The National Department of Water and Sanitation (DWS) is pleased to announce the continued progress in the Western Cape Dam storage systems, with water levels showing a significant increase compared to previous years. The hydrological report of 24 July 2023 indicates that the Western Cape Water Supply System (WCWSS), responsible for supplying water to Cape Town and its surrounding areas, is currently at 99.19%, up from 99.03% the previous week. This represents a substantial improvement from last year’s 75.41% water levels.
The overall state of dams in the Western Cape, which combines data from all the dams in the region, is averaging at 89.87%. This marks a notable increase from the same period last year when the average was at 77.17%. The current levels are reminiscent of those observed in 2014, following heavy rainfall and localized flooding.
One of the critical catchment areas, the Gouritz River Catchment, covering Little, Central Karoo, and the Coastal belt of the Southern Cape, is now sitting at 79.93%. This comes as a relief, considering that the catchment had been struggling with water levels below 50% for the past five years.
Of particular significance is the Theewaterskloof Dam, the largest dam in the Western Cape and accounting for 54% of the Western Cape Water Supply System Dams. It is currently spilling at an impressive 102%, indicating a healthy yield. The ample water supply from this dam plays a vital role in meeting the region’s water demands.
Mr. Malusi Rayi, the DWS Head of Communication in the Western Cape, attributed the increase in water levels to proactive measures taken by releasing water from the Bulshoek Dam to facilitate maintenance activities. Additionally, he highlighted that the Oukloof Dam witnessed a remarkable increase of over 5% during the current week.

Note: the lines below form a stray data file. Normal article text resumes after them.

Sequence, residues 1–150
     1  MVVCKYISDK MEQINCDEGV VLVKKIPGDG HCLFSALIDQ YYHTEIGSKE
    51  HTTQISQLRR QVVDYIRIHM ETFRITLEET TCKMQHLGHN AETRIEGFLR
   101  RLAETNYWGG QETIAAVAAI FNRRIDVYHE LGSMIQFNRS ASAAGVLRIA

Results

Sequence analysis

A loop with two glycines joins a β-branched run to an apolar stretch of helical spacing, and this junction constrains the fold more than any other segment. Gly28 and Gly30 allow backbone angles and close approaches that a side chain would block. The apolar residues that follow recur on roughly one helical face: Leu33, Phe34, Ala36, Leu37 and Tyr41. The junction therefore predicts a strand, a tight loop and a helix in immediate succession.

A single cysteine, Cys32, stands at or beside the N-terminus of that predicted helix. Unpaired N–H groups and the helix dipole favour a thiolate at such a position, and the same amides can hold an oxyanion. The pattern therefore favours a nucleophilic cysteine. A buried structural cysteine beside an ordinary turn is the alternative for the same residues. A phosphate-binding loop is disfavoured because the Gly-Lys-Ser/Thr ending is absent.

While the current dam storage levels are satisfactory, Mr. Rayi emphasized that this should not be an excuse for complacency among water users. He urged all residents and businesses in the region to continue using water sparingly, emphasizing that South Africa remains a water-scarce country.
The improvement in water levels is a positive development for the region, especially in light of the challenges posed by droughts in recent years. Adequate water supply is essential for various sectors, including agriculture, industry, and households, and plays a crucial role in ensuring overall economic stability.
In conclusion, the National Department of Water and Sanitation is optimistic about the sustained momentum of the upward trend in the Western Cape Dam storage systems. The higher water levels observed this year compared to the previous ones are encouraging signs of progress. However, responsible water usage remains critical, and all stakeholders are urged to continue their efforts in conserving water resources for a sustainable future.